Drawing human anatomy is tricky. One of the most challenging parts of the body are the hands—especially when you’re sketching them in a realistic manner. As with all things in art, practice builds skills and confidence—which is just one reason why you should learn how to draw hands. They are undoubtedly a challenge, but when you can make them look so life-like that they’re popping off the page, it’s sure to boost your creative confidence.
One reason that the hands are difficult to draw is that they can easily look askew. (That’s why so many artists “hide” them by stuffing them into pockets!) There’s a fine line between too little and too much realism. By implying too many folds in the skin, you can dramatically (and unintentionally) age your subject. Or a misshapen finger can make the hand look like a claw. So when the initial sketching phase begins, it’s important that you make sure the proportions of the palm and fingers are correct.
Bone Structure of a Human Hand
One of the biggest issues we can face in hand drawing is that we don’t fully understand what’s underneath our skin. The hands are made of 27 bones; some are very tiny at the tip of your fingers while there are long bones that comprise the base of the digits. In addition to bone structure, there are four main parts of articulation: interphalangeal articulations (the hinge joints between the bones on your fingers); metacarpophalangeal joints (where your fingers meet the palm); intercarpal articulations (the point at which the palm and wrist meet); and the wrist.
You needn’t memorize all of the bones in the hand. Instead, you’ll want to familiarize yourself with the general structure. That way, when you’re trying to imagine how someone’s hand might look holding their cell phone or pointing their finger, you’ll imagine how their bones and joints would move.
How to Draw a Hand Step by Step
Before you begin to put pencil to paper, make sure you have the proper supplies. You’ll want at least three pencils plus a white eraser. The pencils should be in three different types of graphite: an H-grade pencil, which will be the hardest graphite and produce the lightest lines; the industry-standard HB pencil that’s great for sketching, because it’s not too hard or too soft; and a B-grade pencil that features soft graphite to produce rich, dark lines.
Want to know our favorite pencils? Check out the best drawing pencils that professionals and beginners are sure to love.
When you’re learning to draw, it’s best to observe from real life. But often, when sketching parts of the body, this is difficult. In this case, a well-lit photograph is also a good source; just make sure it’s clear enough to see all of the details on the hand.
Step 1: Sketch the Basic Shapes of the Hand
It’s always easiest to go from general shapes to specific details. For the first step, study the large shapes that make up the hand and lightly sketch them on the page. The palm will probably look like a big circle while the fingers will appear as cylinders. Pay attention to proportions. For instance, how long is the middle finger compared to the palm of the hand?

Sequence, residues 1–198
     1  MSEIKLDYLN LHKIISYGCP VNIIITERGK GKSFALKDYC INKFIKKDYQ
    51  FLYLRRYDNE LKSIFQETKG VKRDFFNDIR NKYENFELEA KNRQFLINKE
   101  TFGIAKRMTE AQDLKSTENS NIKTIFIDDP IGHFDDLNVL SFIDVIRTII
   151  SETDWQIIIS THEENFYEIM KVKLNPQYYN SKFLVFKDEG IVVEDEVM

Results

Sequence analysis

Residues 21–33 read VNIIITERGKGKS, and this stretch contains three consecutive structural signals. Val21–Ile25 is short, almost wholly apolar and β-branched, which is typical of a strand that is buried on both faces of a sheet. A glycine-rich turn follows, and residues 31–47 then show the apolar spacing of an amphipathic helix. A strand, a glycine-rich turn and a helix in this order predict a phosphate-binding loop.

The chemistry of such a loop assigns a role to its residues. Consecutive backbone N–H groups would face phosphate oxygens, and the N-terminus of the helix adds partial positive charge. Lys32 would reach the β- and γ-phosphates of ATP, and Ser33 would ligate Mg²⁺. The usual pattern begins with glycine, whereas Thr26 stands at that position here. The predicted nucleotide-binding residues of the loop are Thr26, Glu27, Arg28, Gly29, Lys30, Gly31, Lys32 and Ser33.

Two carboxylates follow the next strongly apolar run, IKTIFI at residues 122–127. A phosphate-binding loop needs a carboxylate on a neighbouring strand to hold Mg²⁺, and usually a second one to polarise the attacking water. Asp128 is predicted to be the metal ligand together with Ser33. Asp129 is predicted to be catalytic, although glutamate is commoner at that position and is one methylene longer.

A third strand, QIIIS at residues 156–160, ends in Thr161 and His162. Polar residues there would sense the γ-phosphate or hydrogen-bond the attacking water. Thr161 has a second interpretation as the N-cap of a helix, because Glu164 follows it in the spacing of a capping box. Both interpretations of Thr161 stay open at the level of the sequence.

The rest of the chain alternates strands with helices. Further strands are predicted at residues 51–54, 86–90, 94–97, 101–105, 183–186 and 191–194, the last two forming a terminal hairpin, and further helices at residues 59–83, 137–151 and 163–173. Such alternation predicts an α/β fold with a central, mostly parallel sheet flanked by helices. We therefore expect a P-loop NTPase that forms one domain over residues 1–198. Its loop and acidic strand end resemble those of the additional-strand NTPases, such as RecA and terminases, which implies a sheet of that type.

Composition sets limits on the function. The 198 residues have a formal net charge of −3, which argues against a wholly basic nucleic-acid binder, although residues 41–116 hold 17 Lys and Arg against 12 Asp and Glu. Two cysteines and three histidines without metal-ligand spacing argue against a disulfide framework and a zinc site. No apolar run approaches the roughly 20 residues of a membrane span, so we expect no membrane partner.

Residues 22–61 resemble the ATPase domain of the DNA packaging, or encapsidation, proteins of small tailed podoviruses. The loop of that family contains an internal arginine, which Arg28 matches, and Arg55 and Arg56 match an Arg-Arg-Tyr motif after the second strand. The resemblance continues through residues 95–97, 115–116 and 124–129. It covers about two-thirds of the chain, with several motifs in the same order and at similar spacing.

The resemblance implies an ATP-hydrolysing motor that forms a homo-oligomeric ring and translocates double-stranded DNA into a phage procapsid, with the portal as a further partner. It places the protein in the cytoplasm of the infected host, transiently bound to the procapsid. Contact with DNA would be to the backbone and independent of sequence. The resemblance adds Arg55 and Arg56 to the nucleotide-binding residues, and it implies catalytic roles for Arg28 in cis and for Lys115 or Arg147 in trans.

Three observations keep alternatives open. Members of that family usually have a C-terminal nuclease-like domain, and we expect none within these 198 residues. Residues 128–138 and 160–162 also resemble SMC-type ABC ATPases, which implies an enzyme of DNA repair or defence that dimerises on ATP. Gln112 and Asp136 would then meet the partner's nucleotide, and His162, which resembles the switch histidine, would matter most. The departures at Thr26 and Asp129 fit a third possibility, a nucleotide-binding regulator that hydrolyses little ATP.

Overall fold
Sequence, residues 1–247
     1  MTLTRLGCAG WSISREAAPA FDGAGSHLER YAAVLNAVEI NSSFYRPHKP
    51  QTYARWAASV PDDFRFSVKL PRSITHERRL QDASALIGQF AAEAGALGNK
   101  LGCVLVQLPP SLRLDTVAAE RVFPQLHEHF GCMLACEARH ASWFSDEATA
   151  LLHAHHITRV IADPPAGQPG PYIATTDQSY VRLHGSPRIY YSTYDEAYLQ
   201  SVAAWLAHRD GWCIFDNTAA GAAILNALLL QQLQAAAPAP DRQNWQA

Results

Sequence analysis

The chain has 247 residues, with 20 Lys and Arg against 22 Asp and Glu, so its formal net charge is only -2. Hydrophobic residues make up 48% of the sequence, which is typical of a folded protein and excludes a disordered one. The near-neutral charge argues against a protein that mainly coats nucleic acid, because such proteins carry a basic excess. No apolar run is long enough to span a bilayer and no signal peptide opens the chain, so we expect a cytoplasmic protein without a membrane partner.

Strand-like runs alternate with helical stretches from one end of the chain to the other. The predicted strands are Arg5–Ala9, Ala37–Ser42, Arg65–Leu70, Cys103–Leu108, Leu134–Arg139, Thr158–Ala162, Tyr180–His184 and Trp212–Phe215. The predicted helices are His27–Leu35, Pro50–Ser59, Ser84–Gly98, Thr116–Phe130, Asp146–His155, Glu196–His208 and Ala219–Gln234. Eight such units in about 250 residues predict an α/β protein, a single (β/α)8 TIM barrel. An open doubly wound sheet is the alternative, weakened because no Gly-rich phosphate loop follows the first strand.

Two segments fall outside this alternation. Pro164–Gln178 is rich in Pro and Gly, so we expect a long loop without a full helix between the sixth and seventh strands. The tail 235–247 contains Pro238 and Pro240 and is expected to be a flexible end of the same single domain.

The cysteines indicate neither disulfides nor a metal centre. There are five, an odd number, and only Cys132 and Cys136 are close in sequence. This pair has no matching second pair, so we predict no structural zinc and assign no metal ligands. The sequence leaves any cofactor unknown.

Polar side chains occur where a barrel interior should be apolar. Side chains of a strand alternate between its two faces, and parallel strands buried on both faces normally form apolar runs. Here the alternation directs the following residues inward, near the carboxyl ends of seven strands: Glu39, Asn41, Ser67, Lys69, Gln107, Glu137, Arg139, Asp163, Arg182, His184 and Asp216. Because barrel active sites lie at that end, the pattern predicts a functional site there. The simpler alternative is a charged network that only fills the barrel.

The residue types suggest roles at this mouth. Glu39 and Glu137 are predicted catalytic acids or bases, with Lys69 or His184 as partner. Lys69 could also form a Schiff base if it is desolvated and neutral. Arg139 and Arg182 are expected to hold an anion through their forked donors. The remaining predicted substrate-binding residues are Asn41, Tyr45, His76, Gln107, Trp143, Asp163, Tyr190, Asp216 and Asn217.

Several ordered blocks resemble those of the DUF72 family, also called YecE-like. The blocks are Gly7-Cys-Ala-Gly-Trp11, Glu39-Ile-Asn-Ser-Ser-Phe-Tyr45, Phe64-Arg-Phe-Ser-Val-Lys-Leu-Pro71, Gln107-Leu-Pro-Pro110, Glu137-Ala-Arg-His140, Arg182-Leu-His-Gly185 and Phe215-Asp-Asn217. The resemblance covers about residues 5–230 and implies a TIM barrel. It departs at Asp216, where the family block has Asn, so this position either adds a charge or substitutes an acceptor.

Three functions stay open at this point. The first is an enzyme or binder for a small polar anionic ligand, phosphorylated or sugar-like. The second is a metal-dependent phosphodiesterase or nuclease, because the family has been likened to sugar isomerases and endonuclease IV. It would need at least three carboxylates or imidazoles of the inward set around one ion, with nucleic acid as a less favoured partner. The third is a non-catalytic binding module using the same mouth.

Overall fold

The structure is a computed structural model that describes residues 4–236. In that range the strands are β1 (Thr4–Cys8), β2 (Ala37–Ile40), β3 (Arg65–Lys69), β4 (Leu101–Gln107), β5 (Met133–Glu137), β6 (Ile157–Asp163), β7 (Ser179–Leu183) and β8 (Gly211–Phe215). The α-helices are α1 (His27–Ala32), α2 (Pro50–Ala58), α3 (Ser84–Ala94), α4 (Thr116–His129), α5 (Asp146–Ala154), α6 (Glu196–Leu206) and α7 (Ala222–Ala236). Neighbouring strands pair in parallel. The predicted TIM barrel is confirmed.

Going beyond proportions, observe the angles of every finger and the thumb. (Plot the angles of the fingers using a thin, straight line on your page.) Additionally, determine what is the longest finger, and how much space there is between each of them.
In examining and recording what you see, you’re setting yourself up for a successful drawing. This part of the process is the most forgiving because it’s easy to erase and correct any mistakes. It won’t be that simple going forward!
Step 2: Refine Your Sketch
Once you’ve got the initial sketch complete, it’s time to refine your drawing. Using contour lines, pencil in the folds you see present in the fingers and joints. Remember, there are multiple points of articulation in the fingers, so that means that each digit will grow wider and taper at different spots. (Just like the bone structure shows!)
At this point, you can also start to block out the areas of shadow. In the source image, the thumb is heavily shaded as it is pressed towards the palm of the hand. On your sketch, indicate the shape of the shadows and highlights.
Step 3: Apply Shading to Your Hand
Here’s where the fun begins—you’re on the home stretch of the hand drawing! Working finger by finger, apply shadows to your drawing, taking note of the intensity of them. The thumb has a lot of deep shadows on it, but there are some areas of highlight—particularly the folds where it bends and the center. The bones underneath the fingers are also spots with highlights.
While shading, consider the age of your subject; you’ll want to be careful not to shade too intensely or add more wrinkles in the skin than necessary. They can age your subject (unless they are older) or make the hand look unnatural.
Step 4: Blend Your Shading
Shading will bring your drawing to life, but it can have an unintended consequence. It can cause your hand to look patchy and disjointed. Blending the tones (either with your finger or a blending stump) will get rid of pencil lines and make the skin appear smooth.
Step 5: Refine Any Shading and Celebrate: You’re Done!
Once you’ve blended your shading, go back over your hand. There will probably be some spots where you need to add some additional tones or accent with a few lines. Determine where these are, but it shouldn’t take long—these are the final touches. Then, celebrate your accomplishment. Your hand drawing is done!
Additional Resources for How to Draw Hands
There are many ways to draw a hand, and these artists will show you their approach.
Draw with Jazza
Rapid Fire Art
This provides additional information on the anatomy of the hand…
… and the details that bring it to life!
All images via Sara Barnes / My Modern Met unless otherwise noted.
New to Drawing? Make Sure You Know These Basic Techniques Before You Start
Challenge Yourself by Drawing in “Reverse” on Black Paper